Red beans and rice! `Eeewww!’ |

Red beans and rice! `Eeewww!’

Tim Mutrie

Lunching with fourth-graders at Aspen Elementary School yesterday, the division between the haves and the have-nots was glaringly obvious.

While half of the 9- and 10-year-olds feasted on homemade lasagna or deli-style sandwiches, their classmates, the have-nots, ate a modest ration of red beans and rice. And while the haves sipped milk or juice, the have-nots washed their feed down with tap water.

“I had red beans and rice and it tasted horrible,” declared 10-year-old Katie Bird with a cringe. “EEEwww, it’s gross. I feel sorry for people who have to eat like that every day.”

“I ate every single bit of it – even though it was really bland – I guess I realized we’re lucky,” said 9-year-old Shannon Dick. “We’re lucky not to have lunches that are just bread and water or rice and beans – we have variety. But other people in the world who are the exact same age as us aren’t as lucky.”

The fourth-graders created the division between “haves” and “have-nots” by random draw in the lunch line yesterday as part of an ongoing Hunger Awareness Project. The aim is giving youngsters a new perspective on some sobering facts about childhood hunger around the world.

For instance, the poverty rate in the United States is twice that of other industrialized nations; one in five American youths (over 14 million kids under age 18) live in poverty, even though 9.6 million of those children come from working families. And, about one in 10 children in Colorado are at risk of hunger every day.

The project – sponsored by Ann Owsley, operator of The Lunchroom Co., the Aspen School District’s independent caterer, along with the school’s fourth-grade teachers – also has an art component that features hunger-themed paintings and murals done by students. The works, such as a painting with the message “Hungry Children Can’t Concentrate Well,” are on display at Alpine Bank in Aspen.

“The importance of this is to show the kids the randomness of the haves and have-nots in the world,” said Owsley. “With kids, it’s beyond their control. And this is a challenge to our kids to be more aware of what’s going on in the rest of the world.”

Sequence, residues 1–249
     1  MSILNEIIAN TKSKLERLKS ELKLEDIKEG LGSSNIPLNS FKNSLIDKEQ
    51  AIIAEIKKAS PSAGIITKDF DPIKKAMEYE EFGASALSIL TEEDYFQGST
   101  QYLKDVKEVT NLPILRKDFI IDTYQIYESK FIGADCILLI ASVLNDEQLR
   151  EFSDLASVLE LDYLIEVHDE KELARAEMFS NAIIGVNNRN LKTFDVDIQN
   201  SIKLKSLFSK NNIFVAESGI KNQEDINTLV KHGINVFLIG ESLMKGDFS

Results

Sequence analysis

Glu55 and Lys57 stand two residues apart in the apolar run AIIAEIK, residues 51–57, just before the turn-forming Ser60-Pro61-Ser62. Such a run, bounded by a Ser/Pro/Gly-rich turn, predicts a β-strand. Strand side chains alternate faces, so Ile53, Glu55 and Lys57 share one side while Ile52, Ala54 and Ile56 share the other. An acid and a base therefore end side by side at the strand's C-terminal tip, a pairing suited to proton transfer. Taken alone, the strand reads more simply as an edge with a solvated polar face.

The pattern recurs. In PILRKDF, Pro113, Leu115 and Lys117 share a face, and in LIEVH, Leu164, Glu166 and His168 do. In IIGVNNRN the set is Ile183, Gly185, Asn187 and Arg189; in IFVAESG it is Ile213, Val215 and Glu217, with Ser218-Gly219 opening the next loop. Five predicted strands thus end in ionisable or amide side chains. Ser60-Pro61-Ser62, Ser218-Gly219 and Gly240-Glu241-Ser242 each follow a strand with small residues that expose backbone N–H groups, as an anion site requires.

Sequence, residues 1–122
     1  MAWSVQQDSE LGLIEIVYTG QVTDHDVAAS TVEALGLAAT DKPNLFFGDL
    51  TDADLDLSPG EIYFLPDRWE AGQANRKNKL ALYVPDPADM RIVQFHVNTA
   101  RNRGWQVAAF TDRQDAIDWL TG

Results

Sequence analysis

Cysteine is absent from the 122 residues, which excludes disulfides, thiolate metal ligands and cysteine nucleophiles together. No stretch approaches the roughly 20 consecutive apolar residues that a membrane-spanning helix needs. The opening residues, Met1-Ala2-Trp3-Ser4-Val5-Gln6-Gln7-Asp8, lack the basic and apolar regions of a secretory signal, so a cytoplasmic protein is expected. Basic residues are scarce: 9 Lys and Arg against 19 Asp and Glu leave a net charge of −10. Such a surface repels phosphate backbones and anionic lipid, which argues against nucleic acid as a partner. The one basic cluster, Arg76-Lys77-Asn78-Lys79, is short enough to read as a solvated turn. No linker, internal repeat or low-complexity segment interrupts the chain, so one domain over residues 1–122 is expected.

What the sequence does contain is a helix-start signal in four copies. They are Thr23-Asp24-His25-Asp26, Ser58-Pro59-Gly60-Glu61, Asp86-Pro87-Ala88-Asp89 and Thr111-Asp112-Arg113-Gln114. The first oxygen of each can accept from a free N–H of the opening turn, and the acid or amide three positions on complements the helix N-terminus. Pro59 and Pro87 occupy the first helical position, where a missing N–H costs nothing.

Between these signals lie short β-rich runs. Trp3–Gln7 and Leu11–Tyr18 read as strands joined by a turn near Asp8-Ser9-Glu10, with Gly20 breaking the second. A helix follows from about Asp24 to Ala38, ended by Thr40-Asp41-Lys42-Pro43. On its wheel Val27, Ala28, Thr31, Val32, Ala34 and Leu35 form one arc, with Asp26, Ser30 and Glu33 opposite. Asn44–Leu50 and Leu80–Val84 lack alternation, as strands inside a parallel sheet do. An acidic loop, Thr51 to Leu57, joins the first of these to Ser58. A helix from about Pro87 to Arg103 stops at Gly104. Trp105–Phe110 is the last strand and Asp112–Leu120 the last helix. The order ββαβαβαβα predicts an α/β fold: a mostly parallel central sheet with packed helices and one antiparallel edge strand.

The majority of the school’s five fourth-grade classes – about 100 students – didn’t have their normal snack yesterday, either.

“That may not seem like a big deal, but to them, it was like the end of the world,” said fourth-grade teacher Pem Fowler. “When the kids first heard about it, it was hard for them to understand – they don’t see real hungry kids in this area. But we tried to show them that hunger is prevalent around the world and the country, and Colorado for that matter.”

“It’s good for the kids,” added fellow teacher Bobbi Seelenfreund. “I think sometimes in Aspen, we don’t know just what we have.”

Though most students despised the red beans and rice, some enjoyed the meal and the experience.

“They’re good, they’re better than lasagna,” said Jackie Satrapa, 9. “And they’re just red and white, they don’t look like gross lasagna.”

“It was hard because practically everybody sitting around me had lasagna,” said Haley Kaufman, 9. “I was the only one with red beans and rice, but it was really good; maybe that’s because we didn’t have a snack.”

“I hate all beans,” declared Jeff Gerbaz, 10, who left most of his beans undisturbed in his bowl. “But if I was hungry, like some people are, I’d eat ’em. I’d have to.”

All the fourth-graders’ Wednesday lunch money will be donated to the Washington, D.C.-based world hunger organization, Share Our Strength.

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